Monday, December 29, 2008

You Aren't Going Steady Until Facebook Says You Are

One of the key features of Facebook is the relationship status indicator. Mine is set to married and I don’t plan on ever changing it! However, among the high school and college crowd, changing that indicator from single to in a relationship is a big deal. It’s the 2007 equivalent of giving your girlfriend your class ring. Facebook is how kids today announce to the world that they are either taken or on the market. I’ll give the kids this. It’s certainly cheaper than handing over a $200 ring or $100 jacket that you may not get back if you really piss her off in the breakup!

It gets more complicated though. In order to couple yourself to another Facebook member, both parties much confirm. So connecting yourself romantically to a girl only to have her reject it is the Facebook equivalent of not having your ring accepted. Other dangers would include having your date for this weekend see that you are listed as in a relationship with somebody else, or listing yourself as single when your date has other ideas about your availability. It’s certainly a lot more complicated these days. However, I can see how the transparency of being expected to maintain that status on a global network would promote a certain level of honesty in the dating game. In fact, had Facebook existed when I was in college, my first date with my wife may have never happened. It would have depended on her willingness to be the other woman. However, that story really doesn’t need to be repeated here!

Friday, December 26, 2008

The XBox 360 - Now with Built-In Egg-Timer

Microsoft has announced the availability of a built in timer for Xbox Live that will give parents a way to enforce video game usage without actually dealing with the kids.

A similar Microsoft survey conducted in the United States last month found that 62 percent of parents say they would use a timer if it were available to help them manage their children’s interactive entertainment use.

62% of parents can’t deal with their kids video game time without the help of a software tool from Microsoft? That’s just sad. If your kid can’t get off the Xbox when you tell him to then he is obviously not mature enough to have an Xbox in the first place. However, in today’s guilt laden word of permissive parenting, few parents actually have the backbone to make that call.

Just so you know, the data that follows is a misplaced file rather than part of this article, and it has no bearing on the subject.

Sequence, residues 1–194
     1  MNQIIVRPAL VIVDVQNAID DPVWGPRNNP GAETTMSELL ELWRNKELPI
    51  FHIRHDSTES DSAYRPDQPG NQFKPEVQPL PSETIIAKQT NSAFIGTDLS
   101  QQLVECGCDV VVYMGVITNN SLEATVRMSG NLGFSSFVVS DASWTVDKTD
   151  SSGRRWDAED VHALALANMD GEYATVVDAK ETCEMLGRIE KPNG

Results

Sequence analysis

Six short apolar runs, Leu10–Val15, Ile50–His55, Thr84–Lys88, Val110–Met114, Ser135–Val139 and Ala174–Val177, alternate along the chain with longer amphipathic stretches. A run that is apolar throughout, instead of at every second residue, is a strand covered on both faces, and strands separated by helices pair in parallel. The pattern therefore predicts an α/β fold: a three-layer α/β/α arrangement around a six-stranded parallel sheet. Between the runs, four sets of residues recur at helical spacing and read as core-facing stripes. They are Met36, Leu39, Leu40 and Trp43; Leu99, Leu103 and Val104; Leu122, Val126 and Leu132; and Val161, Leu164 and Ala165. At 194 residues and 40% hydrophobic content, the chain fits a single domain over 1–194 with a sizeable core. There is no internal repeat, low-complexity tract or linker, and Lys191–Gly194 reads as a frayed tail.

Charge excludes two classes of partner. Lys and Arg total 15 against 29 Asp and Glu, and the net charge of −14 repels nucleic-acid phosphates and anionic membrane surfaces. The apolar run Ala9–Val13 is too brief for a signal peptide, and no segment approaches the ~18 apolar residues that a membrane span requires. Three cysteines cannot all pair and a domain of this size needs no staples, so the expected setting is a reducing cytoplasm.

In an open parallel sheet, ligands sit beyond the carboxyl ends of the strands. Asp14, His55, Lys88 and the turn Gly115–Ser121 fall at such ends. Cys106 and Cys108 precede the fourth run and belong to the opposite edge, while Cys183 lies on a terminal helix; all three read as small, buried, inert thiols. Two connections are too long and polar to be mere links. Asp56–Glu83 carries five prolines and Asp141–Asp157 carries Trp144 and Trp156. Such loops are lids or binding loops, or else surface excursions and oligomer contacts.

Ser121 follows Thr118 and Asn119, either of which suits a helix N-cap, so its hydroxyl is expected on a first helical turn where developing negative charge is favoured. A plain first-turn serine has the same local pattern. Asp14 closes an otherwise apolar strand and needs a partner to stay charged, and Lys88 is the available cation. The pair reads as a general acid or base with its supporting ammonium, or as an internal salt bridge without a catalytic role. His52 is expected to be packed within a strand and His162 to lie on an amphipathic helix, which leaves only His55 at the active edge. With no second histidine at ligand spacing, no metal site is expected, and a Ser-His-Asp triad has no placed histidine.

So they rely on Microsoft instead.

Thursday, December 18, 2008

Are TV Time Control Devices a Good Thing?

Phil at A Family Runs Through It has an interesting post up about his experience with Bob, a TV and computer screen time controller. It is an electronic device that once plugged in between the device and the power, can control use time for up to six people. The idea is that if junior is spending a little too much time on the TV or PC, Bob will electronically control whatever time limits you set. I’m not a fan of these devices.

First, I don’t see why any parent can’t handle this conflict without paying for Bob. I could see the utility if the kids are home alone after school each day and you want to keep them offline. That could be useful. However misdirecting the source of conflict to the inanimate object doesn’t seem that useful to me. The disagreement about screen time still exists. Phil says as much in his post. The kids haven’t accepted his view of how much screen time they should have. They have given up arguing because Bob doesn’t listen.

More importantly, the whole idea of teaching kids that an electronic device is in control is way too 1984ish for me. It probably would not have helped sales if they had named this thing HAL, but that is exactly what I thought of when I read Phil’s blog post. If I put one of those things in my house (just as an experiment) I’d be disappointed if my kids didn’t work together trying to defeat it. Teaching obedience to the black box, even if the black box is a proxy for the the parents, just strikes me as creepy.